How To Think About Turning What You Do Into A Service


Monday, 8.34pm

Sheffield, U.K.

Yet all really important innovations and changes normally start from tiny minorities of people who do use their creative freedom. – Ernst F. Schumacher, Small Is Beautiful: Economics as if People Mattered

I think the people at McKinsey, the globally renowned management consultancy, often come up with models and ideas worth mulling over.

For example, in a recent article, Oliver Bossert and Driek Desmet explained how tech companies operate.

And that’s worth knowing because your business, whatever it is, will also one day become a tech company.

The energy industry, where I spend most of my time, is not known for the short lifetime of its assets.

Things change slowly, but even here, things are changing.

We have the Internet of Things, real time control and Blockchain all jostling for space alongside venerable fifty-year old wires and meters.

So, how should you prepare for this new tech world – what is the model to try and follow?

The one that’s getting a lot of attention is anything as a service.

Bossert and Desmet explain that tech companies operate platforms.

A platform is a collection of activities and technology that deliver on a business goal.

It’s not enough just to be the expert anymore – you need the tech to help you get the end result.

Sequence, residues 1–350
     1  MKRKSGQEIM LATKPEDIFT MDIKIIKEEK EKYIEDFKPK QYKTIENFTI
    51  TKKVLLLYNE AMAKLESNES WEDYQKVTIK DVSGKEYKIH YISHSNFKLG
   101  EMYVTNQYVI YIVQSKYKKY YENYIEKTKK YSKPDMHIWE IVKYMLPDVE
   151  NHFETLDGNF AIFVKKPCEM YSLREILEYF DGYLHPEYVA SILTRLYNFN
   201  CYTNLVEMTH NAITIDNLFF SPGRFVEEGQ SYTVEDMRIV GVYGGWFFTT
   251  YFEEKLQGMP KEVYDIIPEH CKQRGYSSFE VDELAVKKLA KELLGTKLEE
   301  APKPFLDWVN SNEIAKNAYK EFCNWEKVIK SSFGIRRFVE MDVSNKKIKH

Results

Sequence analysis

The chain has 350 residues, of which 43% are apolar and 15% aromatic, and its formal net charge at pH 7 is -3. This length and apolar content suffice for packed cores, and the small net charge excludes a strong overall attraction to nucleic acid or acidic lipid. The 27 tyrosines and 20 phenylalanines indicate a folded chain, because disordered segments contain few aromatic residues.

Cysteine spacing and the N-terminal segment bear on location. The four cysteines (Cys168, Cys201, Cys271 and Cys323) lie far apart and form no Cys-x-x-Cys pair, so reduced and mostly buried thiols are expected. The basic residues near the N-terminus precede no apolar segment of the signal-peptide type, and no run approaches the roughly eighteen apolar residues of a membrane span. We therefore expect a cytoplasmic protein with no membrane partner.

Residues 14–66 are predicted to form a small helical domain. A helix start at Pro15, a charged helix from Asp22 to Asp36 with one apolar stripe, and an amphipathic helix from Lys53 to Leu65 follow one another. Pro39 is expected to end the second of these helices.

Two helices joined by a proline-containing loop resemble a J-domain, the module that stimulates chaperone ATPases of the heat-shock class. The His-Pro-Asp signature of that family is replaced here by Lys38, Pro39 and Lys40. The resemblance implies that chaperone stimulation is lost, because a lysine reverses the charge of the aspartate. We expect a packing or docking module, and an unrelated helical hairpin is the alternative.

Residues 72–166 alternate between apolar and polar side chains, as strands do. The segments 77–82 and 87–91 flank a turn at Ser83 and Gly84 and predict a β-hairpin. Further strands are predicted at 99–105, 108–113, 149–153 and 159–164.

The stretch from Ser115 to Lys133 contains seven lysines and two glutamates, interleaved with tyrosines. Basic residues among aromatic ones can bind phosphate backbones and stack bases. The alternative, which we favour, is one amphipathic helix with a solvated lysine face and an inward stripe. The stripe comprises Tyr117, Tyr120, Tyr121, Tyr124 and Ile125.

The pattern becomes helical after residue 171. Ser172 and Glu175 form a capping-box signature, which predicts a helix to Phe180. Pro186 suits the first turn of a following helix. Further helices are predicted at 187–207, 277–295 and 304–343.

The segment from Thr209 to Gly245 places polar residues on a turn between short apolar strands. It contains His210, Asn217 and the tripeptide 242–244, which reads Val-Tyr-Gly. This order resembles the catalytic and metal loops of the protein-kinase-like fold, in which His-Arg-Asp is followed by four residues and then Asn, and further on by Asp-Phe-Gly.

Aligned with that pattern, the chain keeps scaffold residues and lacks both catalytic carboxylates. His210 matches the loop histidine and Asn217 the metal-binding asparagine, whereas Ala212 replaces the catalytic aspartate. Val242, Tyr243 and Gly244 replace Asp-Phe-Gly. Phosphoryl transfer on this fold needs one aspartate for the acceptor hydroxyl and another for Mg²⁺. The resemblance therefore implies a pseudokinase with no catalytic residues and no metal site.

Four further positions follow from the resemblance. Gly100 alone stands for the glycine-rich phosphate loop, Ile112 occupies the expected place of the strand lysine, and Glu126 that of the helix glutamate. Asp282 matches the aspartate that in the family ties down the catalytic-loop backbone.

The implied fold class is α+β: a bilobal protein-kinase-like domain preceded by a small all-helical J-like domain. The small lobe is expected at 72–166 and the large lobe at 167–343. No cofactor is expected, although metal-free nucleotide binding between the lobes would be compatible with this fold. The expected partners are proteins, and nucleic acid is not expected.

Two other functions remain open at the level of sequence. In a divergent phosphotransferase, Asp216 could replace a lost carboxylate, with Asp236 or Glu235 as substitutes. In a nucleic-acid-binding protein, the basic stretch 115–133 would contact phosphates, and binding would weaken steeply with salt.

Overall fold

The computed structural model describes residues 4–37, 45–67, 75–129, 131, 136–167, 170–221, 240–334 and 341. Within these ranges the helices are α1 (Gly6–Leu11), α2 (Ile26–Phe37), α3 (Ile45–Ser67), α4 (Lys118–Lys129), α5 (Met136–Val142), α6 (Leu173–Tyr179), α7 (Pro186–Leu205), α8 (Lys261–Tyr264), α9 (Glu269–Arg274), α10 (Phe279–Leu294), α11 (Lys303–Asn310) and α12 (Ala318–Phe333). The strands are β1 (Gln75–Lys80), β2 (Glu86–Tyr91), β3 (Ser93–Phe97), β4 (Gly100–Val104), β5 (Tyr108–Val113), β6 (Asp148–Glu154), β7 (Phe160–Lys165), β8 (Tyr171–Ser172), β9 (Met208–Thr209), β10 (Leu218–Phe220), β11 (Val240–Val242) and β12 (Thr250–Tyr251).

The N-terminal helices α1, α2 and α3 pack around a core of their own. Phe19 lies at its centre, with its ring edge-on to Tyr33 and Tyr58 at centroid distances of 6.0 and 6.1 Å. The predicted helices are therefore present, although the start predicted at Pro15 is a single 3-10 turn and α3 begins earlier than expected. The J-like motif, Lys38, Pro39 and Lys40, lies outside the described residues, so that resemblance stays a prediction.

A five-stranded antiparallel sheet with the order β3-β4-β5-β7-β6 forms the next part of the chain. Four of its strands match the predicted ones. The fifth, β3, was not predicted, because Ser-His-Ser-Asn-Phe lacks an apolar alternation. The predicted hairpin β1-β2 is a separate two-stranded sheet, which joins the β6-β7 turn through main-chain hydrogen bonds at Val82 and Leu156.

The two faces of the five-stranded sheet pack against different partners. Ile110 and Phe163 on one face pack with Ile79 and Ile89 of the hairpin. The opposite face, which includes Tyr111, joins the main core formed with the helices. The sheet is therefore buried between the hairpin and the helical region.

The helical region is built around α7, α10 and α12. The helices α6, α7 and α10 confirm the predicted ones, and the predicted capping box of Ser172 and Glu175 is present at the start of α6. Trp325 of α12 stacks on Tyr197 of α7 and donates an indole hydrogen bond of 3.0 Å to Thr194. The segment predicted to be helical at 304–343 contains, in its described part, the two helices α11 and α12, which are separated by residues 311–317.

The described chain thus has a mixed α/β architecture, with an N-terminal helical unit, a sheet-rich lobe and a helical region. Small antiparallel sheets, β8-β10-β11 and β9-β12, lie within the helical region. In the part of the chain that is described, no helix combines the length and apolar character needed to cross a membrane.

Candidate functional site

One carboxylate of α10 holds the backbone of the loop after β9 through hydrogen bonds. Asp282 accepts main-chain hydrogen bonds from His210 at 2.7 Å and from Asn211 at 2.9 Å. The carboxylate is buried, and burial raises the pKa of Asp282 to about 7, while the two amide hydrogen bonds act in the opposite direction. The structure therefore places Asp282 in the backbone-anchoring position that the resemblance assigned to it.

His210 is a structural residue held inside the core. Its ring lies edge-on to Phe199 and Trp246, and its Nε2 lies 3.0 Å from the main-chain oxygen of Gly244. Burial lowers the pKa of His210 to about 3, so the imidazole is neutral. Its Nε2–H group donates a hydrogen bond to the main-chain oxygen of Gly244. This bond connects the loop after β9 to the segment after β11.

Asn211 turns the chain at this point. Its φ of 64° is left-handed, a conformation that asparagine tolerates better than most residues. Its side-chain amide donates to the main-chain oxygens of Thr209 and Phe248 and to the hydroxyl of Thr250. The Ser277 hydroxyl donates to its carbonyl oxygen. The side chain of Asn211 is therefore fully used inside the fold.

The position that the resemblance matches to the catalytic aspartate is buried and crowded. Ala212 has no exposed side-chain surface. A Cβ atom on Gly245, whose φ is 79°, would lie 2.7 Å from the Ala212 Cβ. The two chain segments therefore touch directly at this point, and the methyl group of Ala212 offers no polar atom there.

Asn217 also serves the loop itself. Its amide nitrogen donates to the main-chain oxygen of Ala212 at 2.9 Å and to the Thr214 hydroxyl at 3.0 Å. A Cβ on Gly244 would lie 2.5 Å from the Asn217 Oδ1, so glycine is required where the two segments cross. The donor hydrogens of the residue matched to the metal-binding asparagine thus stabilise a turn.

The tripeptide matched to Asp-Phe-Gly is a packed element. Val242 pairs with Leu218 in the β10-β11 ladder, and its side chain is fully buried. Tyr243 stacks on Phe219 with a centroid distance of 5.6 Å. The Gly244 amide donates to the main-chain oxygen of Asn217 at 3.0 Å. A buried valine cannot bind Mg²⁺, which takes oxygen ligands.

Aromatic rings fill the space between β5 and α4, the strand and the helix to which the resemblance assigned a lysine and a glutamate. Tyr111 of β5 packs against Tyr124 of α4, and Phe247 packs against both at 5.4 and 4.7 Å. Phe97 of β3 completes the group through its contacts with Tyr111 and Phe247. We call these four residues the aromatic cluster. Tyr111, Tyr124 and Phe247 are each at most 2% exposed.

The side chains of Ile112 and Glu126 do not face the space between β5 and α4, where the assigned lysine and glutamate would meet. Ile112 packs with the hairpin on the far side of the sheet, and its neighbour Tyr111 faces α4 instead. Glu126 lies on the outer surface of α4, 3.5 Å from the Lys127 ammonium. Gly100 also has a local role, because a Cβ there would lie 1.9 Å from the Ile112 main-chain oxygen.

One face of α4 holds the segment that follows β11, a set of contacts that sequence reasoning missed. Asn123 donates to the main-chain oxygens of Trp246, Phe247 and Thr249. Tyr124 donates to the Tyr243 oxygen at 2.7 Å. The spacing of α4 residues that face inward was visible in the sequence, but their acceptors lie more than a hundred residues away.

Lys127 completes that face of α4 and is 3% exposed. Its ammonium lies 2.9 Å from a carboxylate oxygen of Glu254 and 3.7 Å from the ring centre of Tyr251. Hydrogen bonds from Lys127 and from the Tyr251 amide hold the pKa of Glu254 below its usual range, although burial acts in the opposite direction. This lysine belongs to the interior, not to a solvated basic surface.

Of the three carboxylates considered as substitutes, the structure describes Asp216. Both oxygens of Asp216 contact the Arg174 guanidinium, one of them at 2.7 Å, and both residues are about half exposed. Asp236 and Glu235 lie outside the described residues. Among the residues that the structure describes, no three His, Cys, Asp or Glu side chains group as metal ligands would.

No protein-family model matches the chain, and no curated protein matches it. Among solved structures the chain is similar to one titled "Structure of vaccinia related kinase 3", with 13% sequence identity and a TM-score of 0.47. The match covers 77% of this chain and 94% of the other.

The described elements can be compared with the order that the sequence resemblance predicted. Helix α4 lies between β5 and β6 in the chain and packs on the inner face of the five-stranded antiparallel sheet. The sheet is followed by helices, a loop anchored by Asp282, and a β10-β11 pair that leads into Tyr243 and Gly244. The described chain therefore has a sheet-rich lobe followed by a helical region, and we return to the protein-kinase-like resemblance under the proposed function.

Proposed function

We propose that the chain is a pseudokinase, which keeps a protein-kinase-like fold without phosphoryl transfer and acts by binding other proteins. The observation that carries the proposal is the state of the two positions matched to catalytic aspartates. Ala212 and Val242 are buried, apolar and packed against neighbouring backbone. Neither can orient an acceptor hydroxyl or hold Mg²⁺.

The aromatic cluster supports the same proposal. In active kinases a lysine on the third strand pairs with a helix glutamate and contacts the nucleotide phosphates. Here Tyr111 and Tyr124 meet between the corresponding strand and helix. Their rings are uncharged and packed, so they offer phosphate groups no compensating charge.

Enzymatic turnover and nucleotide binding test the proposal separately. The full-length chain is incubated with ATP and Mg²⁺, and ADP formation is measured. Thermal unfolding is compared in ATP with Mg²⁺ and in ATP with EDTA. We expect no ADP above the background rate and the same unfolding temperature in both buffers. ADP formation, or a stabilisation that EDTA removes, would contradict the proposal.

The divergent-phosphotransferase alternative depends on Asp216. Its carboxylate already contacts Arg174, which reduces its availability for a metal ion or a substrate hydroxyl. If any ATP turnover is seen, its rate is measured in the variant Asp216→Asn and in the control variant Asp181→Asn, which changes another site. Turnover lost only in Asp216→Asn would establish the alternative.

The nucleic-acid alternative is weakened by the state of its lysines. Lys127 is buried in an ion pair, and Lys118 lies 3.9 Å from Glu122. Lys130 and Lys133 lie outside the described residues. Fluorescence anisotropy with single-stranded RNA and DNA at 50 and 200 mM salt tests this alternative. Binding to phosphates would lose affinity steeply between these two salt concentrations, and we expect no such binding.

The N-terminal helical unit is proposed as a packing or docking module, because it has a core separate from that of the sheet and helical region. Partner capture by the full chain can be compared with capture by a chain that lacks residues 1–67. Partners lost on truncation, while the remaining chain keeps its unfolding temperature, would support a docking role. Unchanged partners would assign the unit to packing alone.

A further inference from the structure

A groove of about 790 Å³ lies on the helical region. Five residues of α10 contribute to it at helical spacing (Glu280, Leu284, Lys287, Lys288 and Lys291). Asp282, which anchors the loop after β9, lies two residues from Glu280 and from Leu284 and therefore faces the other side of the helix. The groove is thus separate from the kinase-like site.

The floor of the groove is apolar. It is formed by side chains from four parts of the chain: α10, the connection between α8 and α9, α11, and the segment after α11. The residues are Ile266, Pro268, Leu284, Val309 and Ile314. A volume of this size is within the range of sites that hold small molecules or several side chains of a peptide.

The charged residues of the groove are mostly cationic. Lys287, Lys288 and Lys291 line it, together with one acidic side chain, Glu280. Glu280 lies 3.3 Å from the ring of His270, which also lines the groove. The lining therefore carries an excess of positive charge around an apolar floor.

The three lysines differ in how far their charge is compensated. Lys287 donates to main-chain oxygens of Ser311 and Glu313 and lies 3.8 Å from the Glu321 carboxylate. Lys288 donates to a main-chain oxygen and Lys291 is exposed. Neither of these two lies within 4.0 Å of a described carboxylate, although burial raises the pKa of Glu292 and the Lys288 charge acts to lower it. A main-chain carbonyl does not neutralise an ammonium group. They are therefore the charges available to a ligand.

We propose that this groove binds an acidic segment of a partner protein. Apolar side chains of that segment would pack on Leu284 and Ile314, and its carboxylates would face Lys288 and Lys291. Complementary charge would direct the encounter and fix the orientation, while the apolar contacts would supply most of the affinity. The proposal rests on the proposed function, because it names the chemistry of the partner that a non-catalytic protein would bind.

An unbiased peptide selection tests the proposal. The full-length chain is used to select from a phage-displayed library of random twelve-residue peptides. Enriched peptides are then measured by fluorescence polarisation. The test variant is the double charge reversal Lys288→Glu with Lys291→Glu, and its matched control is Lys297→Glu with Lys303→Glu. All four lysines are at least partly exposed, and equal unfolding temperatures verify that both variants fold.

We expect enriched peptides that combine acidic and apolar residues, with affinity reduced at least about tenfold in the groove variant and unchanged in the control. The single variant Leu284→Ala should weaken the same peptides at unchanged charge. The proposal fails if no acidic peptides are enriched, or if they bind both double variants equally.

And you can’t just be a techie with no business or domain experience – you need the business sense to get there too.

So it’s the combination – technology plus people doing activities that get you there.

It doesn’t look like you can get people entirely out of the system – you’ll need some for helping users at least.

The point of a platform is that you can sell that as a service – because what people are paying for is the end result – the business goal that you deliver.

So far so good, but this is where some of us would look down a different path to the one mapped out in the article.

Mainly because it’s geared at big companies that have lots of platforms.

And then the big business mindset kicks in – where you allocate money to the units that do best and you start with big teams and still stay agile.

All of which sounds like really hard work.

If I were you I’d move on at this point and read Getting Real: The smarter, faster, easier way to build a successful web application by the folks at Basecamp.

They argue that you never need more than three people to build the first version of your software.

If you need more then actually what you need is either different people or you need to do less stuff.

And that approach feels much closer to a real lean system to me.

Small groups of people working on things they really care about – something that solves a problem they have right now – those are the people that come up with something useful.

Larger groups tend to come up with something that delivers what you asked for but not what you need.

That’s the thing about business goals.

Many people are very good at shooting their arrow and then drawing the target around where it’s landed.

They’ve hit their goal if you count hitting the bullseye as what you want.

A service, on the other hand, is delivered when the person getting it is happy.

And that is a harder thing to fake.


Karthik Suresh

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